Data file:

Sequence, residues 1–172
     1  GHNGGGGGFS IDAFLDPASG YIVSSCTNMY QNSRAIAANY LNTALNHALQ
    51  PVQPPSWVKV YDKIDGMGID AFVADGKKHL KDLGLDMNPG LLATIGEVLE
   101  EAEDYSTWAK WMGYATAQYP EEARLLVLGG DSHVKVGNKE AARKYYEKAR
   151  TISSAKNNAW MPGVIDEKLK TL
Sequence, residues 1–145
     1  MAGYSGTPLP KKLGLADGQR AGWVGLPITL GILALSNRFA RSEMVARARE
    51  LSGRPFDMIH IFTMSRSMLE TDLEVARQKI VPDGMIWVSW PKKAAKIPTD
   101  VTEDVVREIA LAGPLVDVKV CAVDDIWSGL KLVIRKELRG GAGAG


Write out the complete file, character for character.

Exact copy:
Sequence, residues 1–172
     1  GHNGGGGGFS IDAFLDPASG YIVSSCTNMY QNSRAIAANY LNTALNHALQ
    51  PVQPPSWVKV YDKIDGMGID AFVADGKKHL KDLGLDMNPG LLATIGEVLE
   101  EAEDYSTWAK WMGYATAQYP EEARLLVLGG DSHVKVGNKE AARKYYEKAR
   151  TISSAKNNAW MPGVIDEKLK TL
Sequence, residues 1–145
     1  MAGYSGTPLP KKLGLADGQR AGWVGLPITL GILALSNRFA RSEMVARARE
    51  LSGRPFDMIH IFTMSRSMLE TDLEVARQKI VPDGMIWVSW PKKAAKIPTD
   101  VTEDVVREIA LAGPLVDVKV CAVDDIWSGL KLVIRKELRG GAGAG